The idea of ramjets-powered rotors was used in various helicopters, such as that one at the Seattle Museum of Flight. A similar concept (with rockets instead of ramjets) was revived in the late 90´s by the Roton corporation as a way to launch payload into space. A prototype was built and flown, but the company folded in 2001.

While those ideas have largely been abandoned for full-size airplanes, it might be possible to build R/C models of those things.



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More Flying Pancakes 
Saturday, January 6, 2007, 03:44 PM - Flying Contraptions
Speaking of flying pancakes, this reminds me of the Chance-Vought V-173 / XF5U-1 "Flying Flapjack". The plane was was proposed in the mid-30's and first flown in 1942. It featured two large contra-rotating props, which allowed to fly at very low speed and very high angle of attack, very much like our radio-controled Drenalyns. Low-aspect ratio wings are generally inefficient, because of the drag induced by the vortex at the tip, but the props turn in the opposite direction, thereby reducing the effect of the vortex.

More details and pictures are available here, here, and here.




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Flying Pancakes 
Friday, January 5, 2007, 10:59 PM - Flying Contraptions
Speaking of flying saucers and the Coanda effect, I am reminded of the Avrocar. This was a Canadian R&D project in the 50's, which was later funded by the US. The idea was to develop a VTOL flying saucer, but the prototype never managed to fly higher above 1 meter altitude (using the ground effect).


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R/C VTOL flying saucer uses Coanda Effect 
Friday, January 5, 2007, 03:23 PM - Flying Contraptions
Speaking of the Coanda effect, back in January 2006, an English inventor named Geoff Hatton built a very cool R/C flying saucer based on the Coanda effect. He apparently demonstrated a prototype to the UK defense ministry (see video here). The latest prototype is 91cm in diameter and 5.45kg. He calls it the GFS (Geoff's Flying Saucer).

French unusual flying contraption enthusiast Jean-Louis Naudin built several models inspired by the GFS. Unlike Hatton's succint GFS web site, Naudin's site has lots of pictures and videos. Naudin is a creative and skilled tinkerer, and it's too bad that his site is littered with pseudo-science, which does nothing to help his credibility.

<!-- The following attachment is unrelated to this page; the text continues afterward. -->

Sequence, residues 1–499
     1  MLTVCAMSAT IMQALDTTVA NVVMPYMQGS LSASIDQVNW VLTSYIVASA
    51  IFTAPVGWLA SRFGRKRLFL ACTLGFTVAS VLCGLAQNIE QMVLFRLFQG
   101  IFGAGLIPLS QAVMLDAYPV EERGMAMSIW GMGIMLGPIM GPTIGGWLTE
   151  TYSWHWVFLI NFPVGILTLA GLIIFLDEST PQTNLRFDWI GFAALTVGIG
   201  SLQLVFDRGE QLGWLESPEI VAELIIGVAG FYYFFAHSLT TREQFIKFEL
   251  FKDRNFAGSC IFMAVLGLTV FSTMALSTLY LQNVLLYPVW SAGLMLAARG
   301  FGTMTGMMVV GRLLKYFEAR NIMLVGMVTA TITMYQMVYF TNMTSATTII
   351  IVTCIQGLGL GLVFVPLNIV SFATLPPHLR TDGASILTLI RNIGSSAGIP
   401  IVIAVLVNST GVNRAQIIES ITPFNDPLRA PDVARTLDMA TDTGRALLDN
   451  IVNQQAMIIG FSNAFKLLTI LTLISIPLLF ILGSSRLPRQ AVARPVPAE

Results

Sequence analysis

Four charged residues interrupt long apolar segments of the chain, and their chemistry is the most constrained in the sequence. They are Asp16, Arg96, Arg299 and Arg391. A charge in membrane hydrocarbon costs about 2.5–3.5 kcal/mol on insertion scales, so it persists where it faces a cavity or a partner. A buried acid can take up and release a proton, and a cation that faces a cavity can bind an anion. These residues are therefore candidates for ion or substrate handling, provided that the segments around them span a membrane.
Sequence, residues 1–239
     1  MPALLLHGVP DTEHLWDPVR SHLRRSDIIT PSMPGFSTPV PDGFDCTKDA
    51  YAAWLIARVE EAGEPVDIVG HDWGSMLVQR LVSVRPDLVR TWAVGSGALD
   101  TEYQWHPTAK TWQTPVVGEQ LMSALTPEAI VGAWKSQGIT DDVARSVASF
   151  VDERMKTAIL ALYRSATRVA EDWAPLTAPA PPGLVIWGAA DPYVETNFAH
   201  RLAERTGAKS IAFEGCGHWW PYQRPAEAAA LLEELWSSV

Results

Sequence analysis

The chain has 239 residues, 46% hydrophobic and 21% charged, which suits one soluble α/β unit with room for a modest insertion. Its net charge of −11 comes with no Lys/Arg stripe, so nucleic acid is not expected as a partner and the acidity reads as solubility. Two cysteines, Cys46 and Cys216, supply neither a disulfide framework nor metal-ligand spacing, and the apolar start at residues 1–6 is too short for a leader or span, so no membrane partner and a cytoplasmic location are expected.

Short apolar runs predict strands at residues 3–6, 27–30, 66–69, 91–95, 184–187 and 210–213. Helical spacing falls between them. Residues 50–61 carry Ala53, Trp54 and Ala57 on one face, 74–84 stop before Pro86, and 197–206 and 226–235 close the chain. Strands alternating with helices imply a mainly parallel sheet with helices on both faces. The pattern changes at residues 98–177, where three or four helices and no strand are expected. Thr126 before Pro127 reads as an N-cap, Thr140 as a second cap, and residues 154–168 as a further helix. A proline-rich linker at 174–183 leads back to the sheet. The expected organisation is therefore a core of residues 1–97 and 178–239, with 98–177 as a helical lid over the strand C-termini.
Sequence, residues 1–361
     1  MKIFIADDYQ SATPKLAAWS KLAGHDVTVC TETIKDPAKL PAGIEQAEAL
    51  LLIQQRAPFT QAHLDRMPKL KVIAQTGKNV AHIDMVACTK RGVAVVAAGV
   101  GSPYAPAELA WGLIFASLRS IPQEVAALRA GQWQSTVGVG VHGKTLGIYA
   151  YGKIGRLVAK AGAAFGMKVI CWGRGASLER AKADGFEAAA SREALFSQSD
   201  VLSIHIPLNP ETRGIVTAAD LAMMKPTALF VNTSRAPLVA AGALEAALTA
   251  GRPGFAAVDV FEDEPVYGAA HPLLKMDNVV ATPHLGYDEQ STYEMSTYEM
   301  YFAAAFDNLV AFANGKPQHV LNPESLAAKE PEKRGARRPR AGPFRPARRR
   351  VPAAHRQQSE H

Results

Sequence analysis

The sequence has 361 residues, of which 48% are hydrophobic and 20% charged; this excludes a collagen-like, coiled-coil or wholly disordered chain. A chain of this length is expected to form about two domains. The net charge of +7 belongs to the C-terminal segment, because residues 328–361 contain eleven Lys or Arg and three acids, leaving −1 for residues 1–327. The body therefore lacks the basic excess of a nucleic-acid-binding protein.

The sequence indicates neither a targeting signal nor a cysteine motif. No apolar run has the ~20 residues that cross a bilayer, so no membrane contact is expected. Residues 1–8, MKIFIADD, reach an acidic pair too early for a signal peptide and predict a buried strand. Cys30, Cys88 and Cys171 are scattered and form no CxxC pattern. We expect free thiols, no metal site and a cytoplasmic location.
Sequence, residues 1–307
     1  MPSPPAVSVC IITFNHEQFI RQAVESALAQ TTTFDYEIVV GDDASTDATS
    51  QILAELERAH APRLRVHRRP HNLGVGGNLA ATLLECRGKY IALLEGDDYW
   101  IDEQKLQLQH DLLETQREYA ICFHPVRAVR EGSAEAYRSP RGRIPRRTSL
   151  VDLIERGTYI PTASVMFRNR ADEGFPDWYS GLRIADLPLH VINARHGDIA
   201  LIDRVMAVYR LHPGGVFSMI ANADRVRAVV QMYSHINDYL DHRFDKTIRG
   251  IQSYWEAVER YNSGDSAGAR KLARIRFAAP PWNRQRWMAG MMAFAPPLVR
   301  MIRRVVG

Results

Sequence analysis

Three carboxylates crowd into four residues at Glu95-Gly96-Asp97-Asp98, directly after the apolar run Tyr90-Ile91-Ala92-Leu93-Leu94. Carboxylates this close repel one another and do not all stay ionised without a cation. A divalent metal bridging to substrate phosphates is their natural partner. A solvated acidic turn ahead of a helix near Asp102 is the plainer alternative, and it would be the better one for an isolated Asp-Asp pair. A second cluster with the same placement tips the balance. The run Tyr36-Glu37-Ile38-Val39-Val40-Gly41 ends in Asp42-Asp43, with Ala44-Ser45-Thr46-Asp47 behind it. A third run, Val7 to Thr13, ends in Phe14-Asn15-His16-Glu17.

Several years ago, my dad made an attempt to build an electric flying saucer (not using the Coanda Effect), but never managed to make it fly in a controlable fashion. The wide-body Coanda trick with slats is a good solution.



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Henri Coanda, inventor of the Thermojet 
Friday, January 5, 2007, 02:42 PM - Flying Contraptions
Henri Coanda (1886-1971) was a Romanian inventor, aerodynamicist, and father of the jet aircraft, who studied at Supaero in Paris, and lived his adult life in France. He is well known for the Coanda effect, also known as "boundary layer attachment": the tendency of fluid to follow the contour of a convex surface, rather than go in straight line. He studied this effect after the crash-and-burn failure of his 1910 Thermojet powered airplane.

The Thermojet, (or moto-reacteur in French) is a predecessor of the jet engine, which uses an air compressor (e.g. a ducted fan) powered by a conventional piston engine, followed by a combustion chamber in which fuel is injected, causing the hot gases to exit the exhaust nozzle at high speed. This is the same idea as the after-burner for electric ducted fan that we talked about before.